When people thrive at work, it benefits them as individuals and the organisation that they work for. Tune into this episode of Human to learn five ways to support mental health at work.

It’s never been more important to talk about mental health. That’s why we wanted it to be one of the earliest episodes on the Human podcast. Mental health affects everyone. During the last few months of the COVID-19 pandemic, we have all experienced this differently: people in comfortable surroundings with family support; people isolated in cramped conditions; key workers and carers; and those anxious about their health.

Recent Accenture research found that 92 percent of workers have been touched by mental health in some way—and that was before COVID-19. What’s more, 6 out of 10 workers don’t say anything about their mental health when they’re at work, especially those under the age of 25.

Organisations have every reason to make this a priority, and not just because it’s the right thing to do. The cost of not addressing mental health has been estimated to reach $16 trillion by 2030.

“When you create environments where people feel good, where people belong, you really do create an environment which is brilliant for people and brilliant for business.”

—Barbara Harvey, Managing Director at Accenture Research

In a new episode of Human, Cengiz Besim is joined by Barbara Harvey. Barbara is Managing Director at Accenture Research, where she leads a global research team of 300 experts examining workplace equality. She’s also the co-founder and executive sponsor of our award-winning mental health program.

To paraphrase Barbara’s comments, when people work in a culture where they can thrive, they can unlock their potential, be at their best, and perform better. And research shows they are more likely to advance in their careers and have an innovation mindset.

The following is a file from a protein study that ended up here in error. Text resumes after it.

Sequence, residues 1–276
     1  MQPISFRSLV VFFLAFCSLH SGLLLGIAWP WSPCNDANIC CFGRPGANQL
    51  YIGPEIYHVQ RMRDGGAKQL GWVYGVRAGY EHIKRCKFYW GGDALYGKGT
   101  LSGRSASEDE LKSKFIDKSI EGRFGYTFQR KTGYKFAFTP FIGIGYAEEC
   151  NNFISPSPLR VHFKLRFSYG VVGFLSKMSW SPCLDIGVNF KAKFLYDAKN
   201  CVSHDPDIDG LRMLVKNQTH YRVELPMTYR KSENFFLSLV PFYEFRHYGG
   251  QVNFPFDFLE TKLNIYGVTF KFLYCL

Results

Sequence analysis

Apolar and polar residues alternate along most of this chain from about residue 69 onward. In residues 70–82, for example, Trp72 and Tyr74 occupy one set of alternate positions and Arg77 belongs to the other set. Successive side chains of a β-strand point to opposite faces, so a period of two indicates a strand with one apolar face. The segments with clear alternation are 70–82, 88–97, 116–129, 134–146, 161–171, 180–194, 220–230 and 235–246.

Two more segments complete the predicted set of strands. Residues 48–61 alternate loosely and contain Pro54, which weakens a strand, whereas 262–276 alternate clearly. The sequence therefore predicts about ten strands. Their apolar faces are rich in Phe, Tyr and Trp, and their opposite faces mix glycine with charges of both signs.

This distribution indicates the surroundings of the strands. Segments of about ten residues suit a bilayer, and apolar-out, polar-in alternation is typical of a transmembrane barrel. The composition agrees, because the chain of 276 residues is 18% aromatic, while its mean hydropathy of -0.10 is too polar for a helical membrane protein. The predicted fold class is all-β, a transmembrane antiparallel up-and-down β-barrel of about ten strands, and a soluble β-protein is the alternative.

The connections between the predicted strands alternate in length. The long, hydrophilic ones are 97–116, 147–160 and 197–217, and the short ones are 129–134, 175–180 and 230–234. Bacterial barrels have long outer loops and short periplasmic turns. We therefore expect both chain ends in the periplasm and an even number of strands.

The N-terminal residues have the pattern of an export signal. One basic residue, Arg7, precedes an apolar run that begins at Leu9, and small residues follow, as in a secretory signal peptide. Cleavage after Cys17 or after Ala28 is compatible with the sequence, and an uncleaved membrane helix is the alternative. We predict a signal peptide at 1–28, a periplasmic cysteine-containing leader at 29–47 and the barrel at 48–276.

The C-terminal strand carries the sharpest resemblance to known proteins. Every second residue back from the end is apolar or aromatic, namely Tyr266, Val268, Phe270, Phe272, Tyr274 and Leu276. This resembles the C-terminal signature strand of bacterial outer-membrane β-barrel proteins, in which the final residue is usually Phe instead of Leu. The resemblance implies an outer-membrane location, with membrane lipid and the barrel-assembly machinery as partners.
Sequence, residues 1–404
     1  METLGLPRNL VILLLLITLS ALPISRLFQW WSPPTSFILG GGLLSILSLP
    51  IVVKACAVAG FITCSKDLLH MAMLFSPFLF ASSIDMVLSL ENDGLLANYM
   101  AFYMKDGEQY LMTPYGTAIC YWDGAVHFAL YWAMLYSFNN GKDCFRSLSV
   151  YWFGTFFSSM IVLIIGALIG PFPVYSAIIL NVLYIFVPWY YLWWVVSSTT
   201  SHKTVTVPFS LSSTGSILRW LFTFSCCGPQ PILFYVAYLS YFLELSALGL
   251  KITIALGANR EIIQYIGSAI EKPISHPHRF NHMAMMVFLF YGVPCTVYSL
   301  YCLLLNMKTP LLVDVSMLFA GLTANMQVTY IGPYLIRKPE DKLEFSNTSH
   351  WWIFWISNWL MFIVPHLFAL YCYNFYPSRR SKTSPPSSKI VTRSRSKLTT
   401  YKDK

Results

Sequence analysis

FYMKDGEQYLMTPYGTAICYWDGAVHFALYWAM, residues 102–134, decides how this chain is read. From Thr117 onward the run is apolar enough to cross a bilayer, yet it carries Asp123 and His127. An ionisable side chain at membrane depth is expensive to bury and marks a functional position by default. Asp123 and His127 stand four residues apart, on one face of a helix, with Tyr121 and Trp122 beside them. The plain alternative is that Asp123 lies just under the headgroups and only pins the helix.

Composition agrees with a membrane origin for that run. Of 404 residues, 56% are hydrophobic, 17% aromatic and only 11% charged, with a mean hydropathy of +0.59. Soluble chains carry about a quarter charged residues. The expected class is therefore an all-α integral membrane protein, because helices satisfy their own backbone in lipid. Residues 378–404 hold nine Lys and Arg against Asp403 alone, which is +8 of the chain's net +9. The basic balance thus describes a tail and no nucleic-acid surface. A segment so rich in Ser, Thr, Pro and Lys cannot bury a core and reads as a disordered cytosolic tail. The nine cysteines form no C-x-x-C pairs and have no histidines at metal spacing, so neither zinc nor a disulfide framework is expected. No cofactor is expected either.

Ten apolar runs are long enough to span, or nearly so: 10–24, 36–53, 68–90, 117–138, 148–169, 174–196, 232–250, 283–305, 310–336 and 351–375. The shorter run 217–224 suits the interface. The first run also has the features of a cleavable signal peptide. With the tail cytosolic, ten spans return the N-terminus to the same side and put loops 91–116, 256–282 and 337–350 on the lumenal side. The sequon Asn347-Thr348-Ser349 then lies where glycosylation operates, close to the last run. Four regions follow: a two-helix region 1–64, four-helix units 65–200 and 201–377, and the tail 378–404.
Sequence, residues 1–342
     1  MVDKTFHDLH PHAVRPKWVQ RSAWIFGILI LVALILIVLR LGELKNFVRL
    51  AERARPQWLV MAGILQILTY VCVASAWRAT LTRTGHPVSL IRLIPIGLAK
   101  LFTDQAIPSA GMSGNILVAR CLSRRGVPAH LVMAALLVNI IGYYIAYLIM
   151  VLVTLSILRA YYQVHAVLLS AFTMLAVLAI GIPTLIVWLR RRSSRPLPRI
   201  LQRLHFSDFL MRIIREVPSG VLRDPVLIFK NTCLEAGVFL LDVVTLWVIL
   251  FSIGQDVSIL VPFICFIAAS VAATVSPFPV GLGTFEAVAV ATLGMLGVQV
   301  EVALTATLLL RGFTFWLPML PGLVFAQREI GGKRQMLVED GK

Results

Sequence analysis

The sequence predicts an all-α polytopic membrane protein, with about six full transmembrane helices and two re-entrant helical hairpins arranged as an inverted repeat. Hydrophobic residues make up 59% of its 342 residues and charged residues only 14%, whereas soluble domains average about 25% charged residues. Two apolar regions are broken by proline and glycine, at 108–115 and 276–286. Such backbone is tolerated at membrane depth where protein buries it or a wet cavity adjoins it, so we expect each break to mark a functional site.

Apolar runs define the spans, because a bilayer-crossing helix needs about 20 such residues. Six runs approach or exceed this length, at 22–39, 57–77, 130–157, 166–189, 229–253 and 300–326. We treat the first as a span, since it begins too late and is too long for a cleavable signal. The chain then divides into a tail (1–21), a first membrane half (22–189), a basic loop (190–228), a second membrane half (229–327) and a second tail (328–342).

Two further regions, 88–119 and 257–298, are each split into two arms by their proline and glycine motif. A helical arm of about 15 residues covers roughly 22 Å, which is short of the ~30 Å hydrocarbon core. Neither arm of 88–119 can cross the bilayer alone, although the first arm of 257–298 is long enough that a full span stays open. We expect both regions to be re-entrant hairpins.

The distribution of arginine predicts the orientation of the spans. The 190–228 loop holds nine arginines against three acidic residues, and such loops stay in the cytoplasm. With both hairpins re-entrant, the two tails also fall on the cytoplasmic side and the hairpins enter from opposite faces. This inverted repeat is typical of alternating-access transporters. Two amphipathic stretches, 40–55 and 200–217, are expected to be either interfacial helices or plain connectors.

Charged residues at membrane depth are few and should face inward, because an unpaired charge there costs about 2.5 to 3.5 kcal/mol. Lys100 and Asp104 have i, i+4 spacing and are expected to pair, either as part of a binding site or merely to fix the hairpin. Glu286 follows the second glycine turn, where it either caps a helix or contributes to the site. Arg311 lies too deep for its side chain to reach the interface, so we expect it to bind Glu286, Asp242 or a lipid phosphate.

Key point: addressing mental health benefits people and the companies they work for.

Barbara shares an excellent analogy, of a glass of water that represents our capacity to handle stress. And as she says to Cengiz, ‘Right now, I think our glasses are already quite full’.

I particularly liked Cengiz’s question at about the 15-minute mark: ‘How do we acknowledge that everybody is under a level of strain, but also shape that future in a way that takes into account an individual’s feelings, experiences, and expectations?’

Barbara’s answer focused on five principles:

  • Empathetic and human leadership. Leaders play a big role in defining and driving an organisation’s working environment. Barbara shares her team’s UK research showing that individuals in supportive environments were 40 percent less likely to say they had a recent mental health challenge. And 88 percent of people in a supportive organisation describe their leaders as open, warm, and human, compared to 5 percent in the least supportive organisations.
  • Empowerment. Barbara talks about the sudden loss of control we’ve all experienced, and how important a sense of control is for good mental health. It’s more important than ever to empower people—what I refer to as aligned autonomy—to make decisions about their work within reasonable boundaries. It also means allowing flexibility in working arrangements, trusting people to work on their terms, and moving away from an attitude of 9-to-5 presenteeism.
  • Knowledge. It’s important to give people the tools they need to learn about and develop skills to foster their own mental health. Barbara highlights a training tool called Thriving Mind, a tool that introduces people to the science behind how their brain responds to stress and shares tools to help them recharge. Accenture worked with Ariana Huffington’s Thrive Organization and Stanford Medical School to develop the tool.
  • Practical support. Accenture has an employee assistance program line that provides advice, as well as a network of more than 4,000 mental health allies who volunteer their time. We’re very fortunate to have these resources; Barbara notes that smaller organisations can direct people to public resources available in health services.
  • Gratitude. Barbara shares wonderfully human examples of how her team members are being flexible and resilient and working in extraordinary situations. I know that my team members are doing the same, and it’s a valuable reminder to me how important it is to regularly appreciate and acknowledge that effort.

Moving ahead, some organisations are returning to a mixture of adapted workplaces and remote working. Some workers may experience sustained anxiety regarding the health, economic, and job security consequences of the COVID-19 pandemic. It’s vital that employers and leaders continue to build environments that foster mental health, listen to the concerns of their people, and continue to talk about—and act—on mental health.

Overall, I was really struck by the vulnerability and honesty of Cengiz and Barbara’s conversation. It’s an illuminating listen and one that I hope you’ll take the time to sit with.

To learn more about supporting mental health in your organisation:

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